What No One Outside OpenAI Can Really Understand About OpenAI
It’s 2023. You’ve spent four years (or five or six, you can’t remember), working on something—one big goal. You always knew what you wanted (the happy end of history, or so you liked to think). And you knew why you wanted it. You were relentlessly and tirelessly trying to figure out the how.
Despite you were merely taking shots in the dark, your steely determination triggered a global paradigm shift. You had a discipline, luckily for you, blessed by the gods. You didn’t believe in those—you don’t believe in them now either—but your faith, placed somewhere else, was strong nonetheless. That sufficed.
Back in 2017, the days are much longer and boring. Nothing happened yesterday despite your efforts. Nothing, probably, will happen today. You try anyway because there’s not much else besides trying.
The morning started like any other but suddenly, in an unexpected turn of events, a door leading somewhere magical unlocks before you. Not fully understanding the implications of your discovery you cross the doorway, never to look back.
It’s 2019. Driven more by confidence in your instincts than faith you take another jump forward. Again, that uncanny sensation runs through your body—not of mere achievement, but of pure epiphanic bliss. Eureka!
A few years go by—2023. You’re at the vanguard of the world. No one else is even trying to do what you are. You’ve become convinced beyond a shadow of a doubt that the one big goal you once set up—and the longing for it—is about to be fulfilled.
You look back. Six years pass through your mind in the blink of an eye. Thoughts of incoming world-changing events fill your focused mind, blurring not only the future you naively perceived crystalline but also your conviction about the path you so carefully planned. People can’t begin to imagine what you’re about to unleash. You can’t either.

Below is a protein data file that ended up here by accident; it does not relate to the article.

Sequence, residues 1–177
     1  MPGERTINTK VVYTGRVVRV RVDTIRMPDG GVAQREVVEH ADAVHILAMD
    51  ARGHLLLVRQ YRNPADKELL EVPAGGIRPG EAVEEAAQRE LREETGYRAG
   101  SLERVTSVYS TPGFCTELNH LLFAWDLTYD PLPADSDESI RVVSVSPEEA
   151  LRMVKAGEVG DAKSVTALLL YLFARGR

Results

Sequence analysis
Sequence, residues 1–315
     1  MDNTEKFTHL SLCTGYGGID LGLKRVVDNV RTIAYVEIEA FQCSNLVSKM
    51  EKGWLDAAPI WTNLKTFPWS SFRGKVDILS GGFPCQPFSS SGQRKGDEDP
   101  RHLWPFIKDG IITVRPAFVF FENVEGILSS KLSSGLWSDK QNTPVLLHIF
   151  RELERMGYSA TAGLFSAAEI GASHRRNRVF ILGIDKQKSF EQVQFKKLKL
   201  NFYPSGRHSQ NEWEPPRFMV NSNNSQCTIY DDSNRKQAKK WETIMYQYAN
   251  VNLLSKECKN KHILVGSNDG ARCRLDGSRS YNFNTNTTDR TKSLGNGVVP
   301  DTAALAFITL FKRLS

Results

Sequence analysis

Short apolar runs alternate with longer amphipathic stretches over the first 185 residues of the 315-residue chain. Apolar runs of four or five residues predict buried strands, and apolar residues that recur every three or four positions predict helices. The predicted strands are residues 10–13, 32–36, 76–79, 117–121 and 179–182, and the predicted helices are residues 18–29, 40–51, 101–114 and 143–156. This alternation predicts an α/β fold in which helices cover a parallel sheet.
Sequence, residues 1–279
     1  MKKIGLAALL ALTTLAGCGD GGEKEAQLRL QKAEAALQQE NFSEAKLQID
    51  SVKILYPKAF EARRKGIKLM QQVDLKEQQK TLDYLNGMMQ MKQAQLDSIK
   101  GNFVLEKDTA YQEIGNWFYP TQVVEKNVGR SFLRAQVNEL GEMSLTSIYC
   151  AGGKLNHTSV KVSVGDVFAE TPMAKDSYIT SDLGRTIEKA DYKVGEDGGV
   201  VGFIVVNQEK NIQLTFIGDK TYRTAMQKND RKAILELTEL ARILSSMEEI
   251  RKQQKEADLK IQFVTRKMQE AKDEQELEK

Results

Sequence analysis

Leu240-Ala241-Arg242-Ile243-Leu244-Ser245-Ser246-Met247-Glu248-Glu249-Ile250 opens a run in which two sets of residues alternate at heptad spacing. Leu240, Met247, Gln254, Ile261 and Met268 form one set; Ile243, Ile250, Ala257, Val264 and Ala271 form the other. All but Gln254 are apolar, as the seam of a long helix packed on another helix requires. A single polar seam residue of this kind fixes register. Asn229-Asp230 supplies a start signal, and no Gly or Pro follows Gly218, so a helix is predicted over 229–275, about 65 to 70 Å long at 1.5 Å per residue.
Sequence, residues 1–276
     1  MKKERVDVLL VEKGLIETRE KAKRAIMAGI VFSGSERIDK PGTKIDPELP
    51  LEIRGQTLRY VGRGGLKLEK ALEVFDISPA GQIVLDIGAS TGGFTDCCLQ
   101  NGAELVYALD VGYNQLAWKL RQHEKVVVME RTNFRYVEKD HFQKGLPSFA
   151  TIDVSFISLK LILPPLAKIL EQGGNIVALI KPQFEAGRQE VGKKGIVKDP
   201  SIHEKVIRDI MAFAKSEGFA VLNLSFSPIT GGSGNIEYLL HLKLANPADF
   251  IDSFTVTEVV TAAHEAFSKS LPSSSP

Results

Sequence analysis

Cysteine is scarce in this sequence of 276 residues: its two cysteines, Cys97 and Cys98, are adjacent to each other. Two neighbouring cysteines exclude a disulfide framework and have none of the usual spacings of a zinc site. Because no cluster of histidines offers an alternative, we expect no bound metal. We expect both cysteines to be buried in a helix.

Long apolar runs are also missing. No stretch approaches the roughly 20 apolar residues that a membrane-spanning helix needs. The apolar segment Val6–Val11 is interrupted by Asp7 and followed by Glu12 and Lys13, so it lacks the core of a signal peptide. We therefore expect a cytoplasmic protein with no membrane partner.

It doesn’t matter. You won’t stop now. You wanted this.
Steven Levy’s feature on OpenAI, “What OpenAI Really Wants,” is wonderful.
Whether you like the content or not, the way it’s written serves as a window to the soul of the company—not as an abstract entity, but as a group of people, like you and me, chasing something with all their might.
In particular, Levy revealed a detail that, as far as I know, has never been published before; how OpenAI lived, from the inside out, the discovery of the power of GPT, and how they foresaw what was about to come.
Levy describes how Alec Radford’s continuous efforts to build a generative language model and Ilya Sutskever’s immediate realization of the value of the transformer—how it’d eventually change everything in AI—was the beginning of something big for the company. Something bigger than them—bigger than we all.
Inspiration struck me the moment I read those lines. The firsthand testimony of OpenAI researchers about how they experienced that epiphany made me realize something I had never thought about before.
Those lines you just read in the intro—that was not a made-up story. They lived that.
They solved an impossible quest with the conviction of someone who has had a revelation. They embarked on the quest for greatness armed, as if moved by a self-fulfilling prophecy, only with willpower and determination.
Radford and Sutskever. And Altman and Brockman. And the others. They did not only build GPT, GPT-2, GPT-3, GPT-4, and of course ChatGPT. They lived through it—in the most personal, private, and tangible sense of the word. It wasn’t the value of the achievement that set them apart but the intimateness with which they went through it.
They experienced the crushing mistakes; the endless attempts; the constant trial and error; sleepless nights and restless days; failing and getting up; failing again and getting up again—for years. Driven solely by the desire to attain The Goal and moved more by hope than certainty—without even the calming confidence of knowing how.